Until recently, in Italy, the use of continuous glucose monitoring (CGM) systems has been limited, but is now rapidly increasing, including the so-called real-time CGM (rtCGM) and the intermittently viewed CGM (iCGM), also called Flash Glucose Monitoring (FGM). These technologies overcome many of the limitations of self-monitoring of blood glucose (SMBG) by fingerprick and allow to go beyond HbAlc to check glucose control in diabetes. However, standardized protocols for applying and interpreting rtCGM and FGM data are lacking. In this paper, we delineate a consensus amongst Italian diabetes physicians on the attributes of rtCGM and FGM technologies, and introduce a consistent approach for their use by Italian healthcare professionals. Most experts consider rtCGM and FGM as two separate categories of interstitial subcutaneous fluid (ISF) sensing technologies, and see them as superior to SMBG. Furthermore, there is strong consensus that rtCGM and FGM reduce hypoglycemia risk, increase the amount of time in the target glucose range and augment treatment satisfaction. However, there is still no agreement on the indication of the FGM for subjects who suffer asymptomatic hypoglycemia. Consensus on the role of education in initiating and optimizing use of rtCGM/FGM and about the interpretation of glucose trends was near unanimous, whereas no consensus was reached on the statement that there are no disadvantages/risks of rtCGM/FGM. Some issues remain in rtCGM/FGM management: a) risk of excessive correction of high or low glucose; b) risk of alert fatigue leading to alert silencing or rtCGM termination; c) allergic reaction to the adhesive keeping rtCGM or FGM sensors in place. The panel almost unanimously agreed that sensor accuracy depends on multiple variables, that alarm setting should be individualized, and that global glycemic profile represent an useful tool in interpreting glucose data. More clinical studies and a wider use of these devices will increase the efficacy and effectiveness of continuous glucose monitoring in Italy. (C) 2019 The Italian Society of Diabetology, the Italian Society for the Study of Atherosclerosis, the Italian Society of Human Nutrition, and the Department of Clinical Medicine and Surgery, Federico II University. Published by Elsevier B.V.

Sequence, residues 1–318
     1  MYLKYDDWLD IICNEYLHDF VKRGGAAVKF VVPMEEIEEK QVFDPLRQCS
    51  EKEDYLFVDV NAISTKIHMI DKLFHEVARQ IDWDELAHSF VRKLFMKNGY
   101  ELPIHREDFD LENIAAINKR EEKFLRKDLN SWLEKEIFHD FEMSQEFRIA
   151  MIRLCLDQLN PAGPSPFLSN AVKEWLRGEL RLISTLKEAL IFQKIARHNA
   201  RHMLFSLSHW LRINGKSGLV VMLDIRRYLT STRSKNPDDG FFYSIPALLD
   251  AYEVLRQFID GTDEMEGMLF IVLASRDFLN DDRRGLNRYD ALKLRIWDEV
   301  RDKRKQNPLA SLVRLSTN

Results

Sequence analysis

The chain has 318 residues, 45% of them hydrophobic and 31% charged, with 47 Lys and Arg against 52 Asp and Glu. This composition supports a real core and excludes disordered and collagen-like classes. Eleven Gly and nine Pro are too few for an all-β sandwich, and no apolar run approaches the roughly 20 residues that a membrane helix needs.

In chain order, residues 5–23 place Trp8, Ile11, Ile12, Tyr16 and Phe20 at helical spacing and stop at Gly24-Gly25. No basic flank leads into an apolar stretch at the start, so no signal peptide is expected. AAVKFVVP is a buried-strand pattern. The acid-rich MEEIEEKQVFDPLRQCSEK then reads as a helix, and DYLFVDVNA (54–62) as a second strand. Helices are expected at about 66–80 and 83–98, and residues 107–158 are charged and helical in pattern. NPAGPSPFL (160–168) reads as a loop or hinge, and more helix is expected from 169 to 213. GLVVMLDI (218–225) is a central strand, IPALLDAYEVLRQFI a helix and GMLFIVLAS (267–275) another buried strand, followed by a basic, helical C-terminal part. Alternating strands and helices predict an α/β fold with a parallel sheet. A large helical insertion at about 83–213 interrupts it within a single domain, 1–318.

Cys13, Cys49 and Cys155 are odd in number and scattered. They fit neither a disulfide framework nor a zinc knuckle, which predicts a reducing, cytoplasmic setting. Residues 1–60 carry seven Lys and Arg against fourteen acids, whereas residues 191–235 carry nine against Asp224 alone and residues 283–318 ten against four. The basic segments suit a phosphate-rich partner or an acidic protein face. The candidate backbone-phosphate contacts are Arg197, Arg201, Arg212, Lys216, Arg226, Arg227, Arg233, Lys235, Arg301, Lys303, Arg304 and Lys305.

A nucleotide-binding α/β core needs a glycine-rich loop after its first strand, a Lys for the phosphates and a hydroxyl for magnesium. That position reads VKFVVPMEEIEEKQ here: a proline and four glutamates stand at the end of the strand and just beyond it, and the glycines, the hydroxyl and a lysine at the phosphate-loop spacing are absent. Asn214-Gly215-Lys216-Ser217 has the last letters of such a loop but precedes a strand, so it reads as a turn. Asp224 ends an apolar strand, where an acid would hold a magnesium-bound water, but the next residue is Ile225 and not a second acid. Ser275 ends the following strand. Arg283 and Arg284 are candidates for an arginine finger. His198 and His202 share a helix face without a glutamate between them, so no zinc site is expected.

The use of real time continuous glucose monitoring or flash glucose monitoring in the management of diabetes: A consensus view of Italian diabetes experts using the Delphi method

Laviola L.;
2019

Abstract

Until recently, in Italy, the use of continuous glucose monitoring (CGM) systems has been limited, but is now rapidly increasing, including the so-called real-time CGM (rtCGM) and the intermittently viewed CGM (iCGM), also called Flash Glucose Monitoring (FGM). These technologies overcome many of the limitations of self-monitoring of blood glucose (SMBG) by fingerprick and allow to go beyond HbAlc to check glucose control in diabetes. However, standardized protocols for applying and interpreting rtCGM and FGM data are lacking. In this paper, we delineate a consensus amongst Italian diabetes physicians on the attributes of rtCGM and FGM technologies, and introduce a consistent approach for their use by Italian healthcare professionals. Most experts consider rtCGM and FGM as two separate categories of interstitial subcutaneous fluid (ISF) sensing technologies, and see them as superior to SMBG. Furthermore, there is strong consensus that rtCGM and FGM reduce hypoglycemia risk, increase the amount of time in the target glucose range and augment treatment satisfaction. However, there is still no agreement on the indication of the FGM for subjects who suffer asymptomatic hypoglycemia. Consensus on the role of education in initiating and optimizing use of rtCGM/FGM and about the interpretation of glucose trends was near unanimous, whereas no consensus was reached on the statement that there are no disadvantages/risks of rtCGM/FGM. Some issues remain in rtCGM/FGM management: a) risk of excessive correction of high or low glucose; b) risk of alert fatigue leading to alert silencing or rtCGM termination; c) allergic reaction to the adhesive keeping rtCGM or FGM sensors in place. The panel almost unanimously agreed that sensor accuracy depends on multiple variables, that alarm setting should be individualized, and that global glycemic profile represent an useful tool in interpreting glucose data. More clinical studies and a wider use of these devices will increase the efficacy and effectiveness of continuous glucose monitoring in Italy. (C) 2019 The Italian Society of Diabetology, the Italian Society for the Study of Atherosclerosis, the Italian Society of Human Nutrition, and the Department of Clinical Medicine and Surgery, Federico II University. Published by Elsevier B.V.
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Utilizza questo identificativo per citare o creare un link a questo documento: http://hdl.handle.net/11586/246937
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